The quality of Guangzhou’s infrastructure has lagged far behind its rivals Beijing and Shanghai but recent efforts have done much to improve the efficiency and cleanliness of south China’s leading city.
Afew years ago, Guangzhou was known for its numerous dilapidated buildings, polluted air and rivers, illegal hawking and traffic chaos. Living in this run-down capital of Guangdong province was no fun, even though its residents were the richest city in China in terms of per capita GDP and disposable income. Only 27 per cent of the 10,000 local residents interviewed in a 1998 government survey said they were ‘satisfied’ with the living environment.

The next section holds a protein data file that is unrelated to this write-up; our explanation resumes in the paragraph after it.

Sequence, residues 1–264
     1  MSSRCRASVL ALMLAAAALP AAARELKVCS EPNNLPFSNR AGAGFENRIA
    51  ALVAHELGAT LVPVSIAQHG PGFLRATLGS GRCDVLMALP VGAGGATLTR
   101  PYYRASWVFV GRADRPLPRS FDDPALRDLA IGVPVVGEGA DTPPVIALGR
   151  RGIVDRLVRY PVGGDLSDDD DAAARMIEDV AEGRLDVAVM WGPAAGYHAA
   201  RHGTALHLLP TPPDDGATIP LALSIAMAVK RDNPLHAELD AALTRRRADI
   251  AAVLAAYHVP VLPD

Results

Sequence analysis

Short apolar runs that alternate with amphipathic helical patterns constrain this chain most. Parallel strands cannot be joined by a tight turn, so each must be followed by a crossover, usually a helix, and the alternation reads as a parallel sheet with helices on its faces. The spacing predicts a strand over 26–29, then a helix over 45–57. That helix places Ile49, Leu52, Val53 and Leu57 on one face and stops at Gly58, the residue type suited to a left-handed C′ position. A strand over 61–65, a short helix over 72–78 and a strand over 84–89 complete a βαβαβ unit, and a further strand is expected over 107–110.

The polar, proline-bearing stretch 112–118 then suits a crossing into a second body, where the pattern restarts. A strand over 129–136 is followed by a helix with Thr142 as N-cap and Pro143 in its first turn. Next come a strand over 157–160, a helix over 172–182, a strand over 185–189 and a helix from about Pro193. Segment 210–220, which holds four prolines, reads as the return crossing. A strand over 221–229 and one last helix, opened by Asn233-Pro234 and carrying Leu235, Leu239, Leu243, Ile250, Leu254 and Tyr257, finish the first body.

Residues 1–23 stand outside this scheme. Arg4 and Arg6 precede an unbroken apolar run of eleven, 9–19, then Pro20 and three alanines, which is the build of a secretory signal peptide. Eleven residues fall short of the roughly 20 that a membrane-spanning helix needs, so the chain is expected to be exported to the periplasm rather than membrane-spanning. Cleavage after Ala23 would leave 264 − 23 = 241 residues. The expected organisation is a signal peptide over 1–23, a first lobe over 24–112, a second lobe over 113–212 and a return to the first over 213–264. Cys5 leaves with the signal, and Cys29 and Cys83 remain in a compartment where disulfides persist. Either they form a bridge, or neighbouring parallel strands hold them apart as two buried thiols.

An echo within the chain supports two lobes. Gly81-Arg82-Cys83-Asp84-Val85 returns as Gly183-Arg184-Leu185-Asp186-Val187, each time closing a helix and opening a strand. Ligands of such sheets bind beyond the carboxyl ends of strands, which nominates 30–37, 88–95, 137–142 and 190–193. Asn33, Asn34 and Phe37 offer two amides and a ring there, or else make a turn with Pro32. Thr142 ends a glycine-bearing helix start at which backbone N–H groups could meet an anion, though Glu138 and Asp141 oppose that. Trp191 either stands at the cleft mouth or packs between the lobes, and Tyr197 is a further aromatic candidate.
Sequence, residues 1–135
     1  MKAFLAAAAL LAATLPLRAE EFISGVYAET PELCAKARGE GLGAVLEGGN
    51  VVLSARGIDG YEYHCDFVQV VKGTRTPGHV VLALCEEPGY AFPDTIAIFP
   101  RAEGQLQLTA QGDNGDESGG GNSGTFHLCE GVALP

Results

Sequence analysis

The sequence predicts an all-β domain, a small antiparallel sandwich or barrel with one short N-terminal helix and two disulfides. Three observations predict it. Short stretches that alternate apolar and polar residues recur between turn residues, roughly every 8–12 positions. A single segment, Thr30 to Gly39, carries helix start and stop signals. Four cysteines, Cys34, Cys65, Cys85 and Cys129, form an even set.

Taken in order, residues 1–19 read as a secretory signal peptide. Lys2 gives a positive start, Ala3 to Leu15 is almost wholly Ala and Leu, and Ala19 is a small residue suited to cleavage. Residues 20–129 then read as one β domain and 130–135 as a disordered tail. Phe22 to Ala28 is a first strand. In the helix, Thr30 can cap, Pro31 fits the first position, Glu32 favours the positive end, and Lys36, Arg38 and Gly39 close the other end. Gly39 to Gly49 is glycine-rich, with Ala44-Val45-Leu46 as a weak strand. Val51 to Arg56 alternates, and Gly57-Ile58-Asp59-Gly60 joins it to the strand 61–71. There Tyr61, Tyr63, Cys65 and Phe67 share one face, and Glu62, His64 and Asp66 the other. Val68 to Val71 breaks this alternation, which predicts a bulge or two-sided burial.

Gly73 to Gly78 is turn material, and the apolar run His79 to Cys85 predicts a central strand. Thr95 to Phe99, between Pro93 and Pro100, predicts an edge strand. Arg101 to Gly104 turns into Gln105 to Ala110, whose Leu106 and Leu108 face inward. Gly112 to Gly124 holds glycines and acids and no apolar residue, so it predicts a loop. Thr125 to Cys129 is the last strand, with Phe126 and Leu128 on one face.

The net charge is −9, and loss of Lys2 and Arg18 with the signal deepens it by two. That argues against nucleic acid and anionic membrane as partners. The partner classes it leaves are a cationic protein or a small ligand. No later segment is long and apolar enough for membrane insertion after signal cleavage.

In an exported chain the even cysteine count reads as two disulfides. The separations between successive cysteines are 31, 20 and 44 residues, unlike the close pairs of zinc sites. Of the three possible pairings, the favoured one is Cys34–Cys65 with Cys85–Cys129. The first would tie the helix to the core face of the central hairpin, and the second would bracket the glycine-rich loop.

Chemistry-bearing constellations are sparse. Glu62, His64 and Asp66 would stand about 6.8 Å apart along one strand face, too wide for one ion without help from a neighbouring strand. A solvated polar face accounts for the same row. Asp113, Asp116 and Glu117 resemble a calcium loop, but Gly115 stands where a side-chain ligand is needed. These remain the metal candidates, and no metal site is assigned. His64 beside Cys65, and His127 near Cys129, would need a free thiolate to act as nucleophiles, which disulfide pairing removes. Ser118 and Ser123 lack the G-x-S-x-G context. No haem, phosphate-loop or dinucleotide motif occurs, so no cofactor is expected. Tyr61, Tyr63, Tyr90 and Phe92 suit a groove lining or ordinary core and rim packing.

Today, Guangzhou is a different city – more orderly, more efficient and cleaner. Traffic has greatly improved, thanks to the completion of a ring road, expressways and a modern subway. The air and the famous Pearl River that runs through the city have become cleaner. Many illegal structures erected in neglected public spaces have disappeared, replaced by trees and flowerbeds. Long-time residents confirm a marked improvement in the environment. “I used to get a headache from the bad air whenever I walked down the main Huaxi East Road. It has gotten much better,” says Dan Rebecca, who runs a local wholesale bakery business and is head of the American Chamber Commerce in Guangzhou. According to Steve Lewis, branch manager of the transportation company Santa Fe: “It used to take two hours to get from the airport to the city centre; now, it is much faster.”